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Occupy Wall Street leads church to cancel Halloween party

By Chris Francescani

NEW YORK (Reuters) - A historic Manhattan church has canceled its annual Halloween celebration due to an ongoing standoff with remnants of the Occupy Wall Street movement.

Trinity Church, an Episcopalian congregation located where Wall Street meets Broadway, usually invites neighborhood children to watch classic silent films such as "Frankenstein" and "Dracula."

The church is breaking the tradition this year due to Occupy protesters and the homeless camping on the sidewalk outside, the latest casualty in an ongoing standoff.

After being evicted from a park near Wall Street last year, Occupy Wall Street activists sought permission to set up a camp on a vacant lot owned by the church.

Trinity had been an early ally of the movement, distributing blankets to protesters and opening its doors for the group's strategy meetings.

When the church denied the group's request, the relationship soured. Activists "took control" of the lot, protester Jack Boyle said. One activist opened a fence with bolt cutters and dozens of people poured in, resulting in arrests.

In response, a group of Occupy activists camped out in front of the church and vowed to stay until one of the men arrested was freed.

After the man was released, activists stayed and demanded the resignation of Trinity pastor James Cooper, who they said betrayed them by pressing charges.

The splinter group's makeshift encampment has attracted homeless people, some of whom are emotionally or mentally disturbed, according to police and church and community leaders.

Protesters and the homeless sleep on cardboard mats splayed on the sidewalk of a busy pedestrian intersection.

After a series of conflicts between activists and church members, protesters have promised to stay indefinitely.

At least nine protesters have been arrested for disorderly conduct since June after clashing with church maintenance workers trying to clean the sidewalk, church officials said.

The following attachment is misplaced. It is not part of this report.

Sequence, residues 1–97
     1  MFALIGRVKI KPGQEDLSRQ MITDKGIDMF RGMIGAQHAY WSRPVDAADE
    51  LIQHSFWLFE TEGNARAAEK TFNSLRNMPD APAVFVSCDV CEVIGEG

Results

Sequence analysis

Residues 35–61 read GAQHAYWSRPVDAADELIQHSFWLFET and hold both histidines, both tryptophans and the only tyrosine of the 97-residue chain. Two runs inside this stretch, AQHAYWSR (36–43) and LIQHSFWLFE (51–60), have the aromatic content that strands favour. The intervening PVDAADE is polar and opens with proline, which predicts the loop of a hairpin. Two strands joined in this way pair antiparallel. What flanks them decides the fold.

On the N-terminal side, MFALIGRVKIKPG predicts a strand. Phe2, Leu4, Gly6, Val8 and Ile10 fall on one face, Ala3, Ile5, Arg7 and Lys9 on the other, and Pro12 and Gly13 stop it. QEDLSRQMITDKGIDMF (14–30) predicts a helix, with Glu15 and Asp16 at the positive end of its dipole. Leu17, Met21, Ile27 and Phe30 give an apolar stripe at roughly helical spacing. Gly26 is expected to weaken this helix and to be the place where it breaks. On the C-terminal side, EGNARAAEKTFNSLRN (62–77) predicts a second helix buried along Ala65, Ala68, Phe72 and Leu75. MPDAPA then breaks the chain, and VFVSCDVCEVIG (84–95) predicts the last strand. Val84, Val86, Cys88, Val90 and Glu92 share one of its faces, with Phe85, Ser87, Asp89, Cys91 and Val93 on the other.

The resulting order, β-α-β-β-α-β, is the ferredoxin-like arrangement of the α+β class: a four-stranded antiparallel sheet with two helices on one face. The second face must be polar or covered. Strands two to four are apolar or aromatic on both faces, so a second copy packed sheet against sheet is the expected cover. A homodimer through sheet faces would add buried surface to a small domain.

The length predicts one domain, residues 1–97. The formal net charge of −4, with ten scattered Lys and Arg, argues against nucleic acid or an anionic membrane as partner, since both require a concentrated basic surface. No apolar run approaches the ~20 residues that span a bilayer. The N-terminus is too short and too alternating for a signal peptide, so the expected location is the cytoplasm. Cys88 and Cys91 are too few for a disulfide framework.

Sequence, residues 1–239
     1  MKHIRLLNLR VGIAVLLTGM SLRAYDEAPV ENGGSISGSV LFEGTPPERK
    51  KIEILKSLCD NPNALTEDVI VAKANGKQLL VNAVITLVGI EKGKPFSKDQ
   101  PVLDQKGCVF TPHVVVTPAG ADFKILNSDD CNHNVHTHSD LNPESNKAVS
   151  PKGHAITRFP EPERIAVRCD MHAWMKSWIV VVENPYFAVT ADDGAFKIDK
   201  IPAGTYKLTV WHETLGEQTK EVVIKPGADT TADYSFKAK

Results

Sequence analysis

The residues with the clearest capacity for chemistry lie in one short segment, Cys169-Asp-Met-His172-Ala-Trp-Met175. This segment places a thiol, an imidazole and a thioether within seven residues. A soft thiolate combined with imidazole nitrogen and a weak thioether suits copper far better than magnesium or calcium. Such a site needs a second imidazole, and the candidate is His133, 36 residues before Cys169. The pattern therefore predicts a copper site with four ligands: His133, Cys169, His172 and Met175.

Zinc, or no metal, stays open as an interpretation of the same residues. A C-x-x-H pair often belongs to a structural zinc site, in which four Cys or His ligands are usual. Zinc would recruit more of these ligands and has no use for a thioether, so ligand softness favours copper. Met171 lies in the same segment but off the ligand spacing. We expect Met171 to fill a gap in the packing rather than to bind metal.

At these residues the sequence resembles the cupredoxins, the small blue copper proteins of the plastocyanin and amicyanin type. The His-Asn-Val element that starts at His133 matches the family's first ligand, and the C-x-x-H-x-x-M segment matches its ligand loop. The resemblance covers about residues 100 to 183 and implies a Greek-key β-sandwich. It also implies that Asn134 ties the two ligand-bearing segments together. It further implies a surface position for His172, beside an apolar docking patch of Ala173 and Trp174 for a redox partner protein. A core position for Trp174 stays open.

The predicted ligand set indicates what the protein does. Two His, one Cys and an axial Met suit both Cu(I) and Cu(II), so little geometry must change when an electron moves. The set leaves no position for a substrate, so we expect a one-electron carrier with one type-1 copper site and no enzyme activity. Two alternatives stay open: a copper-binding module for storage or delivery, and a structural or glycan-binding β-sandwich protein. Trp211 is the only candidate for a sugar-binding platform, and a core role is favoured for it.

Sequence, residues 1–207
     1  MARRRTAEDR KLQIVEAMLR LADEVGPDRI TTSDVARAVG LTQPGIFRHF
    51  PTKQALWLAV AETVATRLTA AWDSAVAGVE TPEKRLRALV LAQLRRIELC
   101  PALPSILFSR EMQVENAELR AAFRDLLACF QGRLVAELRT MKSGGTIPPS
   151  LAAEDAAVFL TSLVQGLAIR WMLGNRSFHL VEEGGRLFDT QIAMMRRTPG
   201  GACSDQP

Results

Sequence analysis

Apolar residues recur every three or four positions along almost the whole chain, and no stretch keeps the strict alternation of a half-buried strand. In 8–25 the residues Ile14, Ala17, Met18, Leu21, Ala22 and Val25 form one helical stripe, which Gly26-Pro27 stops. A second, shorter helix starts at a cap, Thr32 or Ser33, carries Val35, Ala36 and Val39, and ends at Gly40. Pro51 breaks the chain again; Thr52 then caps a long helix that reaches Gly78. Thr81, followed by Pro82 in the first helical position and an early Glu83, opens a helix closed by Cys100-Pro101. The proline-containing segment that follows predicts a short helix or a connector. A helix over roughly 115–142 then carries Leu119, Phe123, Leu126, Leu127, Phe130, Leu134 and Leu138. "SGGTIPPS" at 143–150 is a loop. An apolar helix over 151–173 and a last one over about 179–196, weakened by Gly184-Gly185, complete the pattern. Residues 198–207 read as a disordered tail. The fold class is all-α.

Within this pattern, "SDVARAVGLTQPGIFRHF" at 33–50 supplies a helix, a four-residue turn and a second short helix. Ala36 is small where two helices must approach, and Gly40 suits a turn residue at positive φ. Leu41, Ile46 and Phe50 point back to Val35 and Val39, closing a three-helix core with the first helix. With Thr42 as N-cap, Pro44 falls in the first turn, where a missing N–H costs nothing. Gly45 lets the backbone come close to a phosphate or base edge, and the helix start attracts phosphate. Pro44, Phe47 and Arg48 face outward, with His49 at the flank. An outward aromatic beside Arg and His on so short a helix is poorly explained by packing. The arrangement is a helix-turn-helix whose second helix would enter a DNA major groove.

On October 14, an activist wearing a tutu burst into Sunday services and began shouting that Cooper and congregants were "sinners," Trinity spokeswoman Linda Hanick said. The man fled before police arrived.

Trinity recently closed its bathrooms to the public after they were repeatedly vandalized by activists, Hanick said.

Initially, church officials worked with social service agencies to place 15 of the homeless in shelters, Hanick said. But recent arrivals to the camp "have been resistant to any engagement," she said.

Boyle and others acknowledged some of the homeless among their group are emotionally disturbed, but deny they pose any threat.

"The church is trying to spin you," activist Fathema Shadid said.

Community leaders question the validity of the demonstration.

"What we're seeing is not a socio-political protest," said community board member Ro Sheffe. "We're observing people who party all night and sleep all day on the sidewalk. What began as a protest has left a blight on our community."

The first service at the site of Trinity Church was held in 1698.

(Editing by Daniel Trotta and Stacey Joyce)

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